Smith's Criminal Case Compendium

Smith's Criminal Case Compendium

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This compendium includes significant criminal cases by the U.S. Supreme Court & N.C. appellate courts, Nov. 2008 – Present. Selected 4th Circuit cases also are included.

Jessica Smith prepared case summaries Nov. 2008-June 4, 2019; later summaries are prepared by other School staff.

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E.g., 09/22/2021
E.g., 09/22/2021
State v. King, 366 N.C. 68 (June 14, 2012)

The court affirmed State v. King, 214 N.C. App. 114 (Aug. 2, 2011) (holding that the trial court did not abuse its discretion by excluding the State’s expert testimony regarding repressed memory under Rule 403). The trial court had concluded that although the expert’s testimony was “technically” admissible under Howerton and was relevant, it was inadmissible under Rule 403 because recovered memories are of “uncertain authenticity” and susceptible to alternative possible explanations. The trial court found that “the prejudicial effect [of the evidence] increases tremendously because of its likely potential to confuse or mislead the jury.” The supreme court held that the trial court did not abuse its discretion by excluding the repressed memory evidence under Rule 403. The court noted that its holding was case specific:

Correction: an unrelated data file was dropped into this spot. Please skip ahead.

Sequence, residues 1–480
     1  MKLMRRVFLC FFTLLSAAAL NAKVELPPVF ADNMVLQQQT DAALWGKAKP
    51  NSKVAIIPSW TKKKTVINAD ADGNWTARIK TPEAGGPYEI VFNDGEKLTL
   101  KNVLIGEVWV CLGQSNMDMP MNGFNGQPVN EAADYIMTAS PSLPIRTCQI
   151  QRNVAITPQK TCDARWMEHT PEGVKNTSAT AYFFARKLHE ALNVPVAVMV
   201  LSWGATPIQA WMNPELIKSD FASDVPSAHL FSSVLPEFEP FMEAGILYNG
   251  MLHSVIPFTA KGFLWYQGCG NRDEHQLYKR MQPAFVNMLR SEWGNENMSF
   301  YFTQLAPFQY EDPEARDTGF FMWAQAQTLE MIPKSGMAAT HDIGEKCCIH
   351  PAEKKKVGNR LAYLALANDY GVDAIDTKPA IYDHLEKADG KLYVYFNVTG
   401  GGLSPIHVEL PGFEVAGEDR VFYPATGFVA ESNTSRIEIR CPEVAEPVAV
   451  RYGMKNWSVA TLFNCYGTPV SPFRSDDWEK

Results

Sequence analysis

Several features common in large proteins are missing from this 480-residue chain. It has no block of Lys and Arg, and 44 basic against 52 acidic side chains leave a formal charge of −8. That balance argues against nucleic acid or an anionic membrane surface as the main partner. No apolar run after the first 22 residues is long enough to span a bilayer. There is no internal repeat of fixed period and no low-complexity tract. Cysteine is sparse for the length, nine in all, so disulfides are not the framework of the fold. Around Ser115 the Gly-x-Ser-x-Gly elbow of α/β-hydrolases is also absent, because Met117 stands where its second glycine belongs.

We promulgate here no general rule regarding the admissibility or reliability of repressed memory evidence under either Rule 403 or Rule 702. As the trial judge himself noted, scientific progress is “rapid and fluid.” Advances in the area of repressed memory are possible, if not likely, and even . . . [the] defendant’s expert, acknowledged that the theory of repressed memory could become established and that he would consider changing his position if confronted with a study conducted using reliable methodology that yielded evidence supporting the theory. Trial courts are fully capable of handling cases involving claims of repressed memory should new or different scientific evidence be presented.

In this murder case, the trial court committed reversible error by excluding, under Rule 403, testimony by a defense expert that certain incriminating computer files had been planted on the defendant’s computer. Temporary internet files recovered from the defendant’s computer showed that someone conducted a Google Map search on the laptop while it was at the defendant’s place of work the day before the victim was murdered. The Google Map search was initiated by someone who entered the zip code associated with the defendant's house, and then moved the map and zoomed in on the exact spot where the victim’s body later was found.

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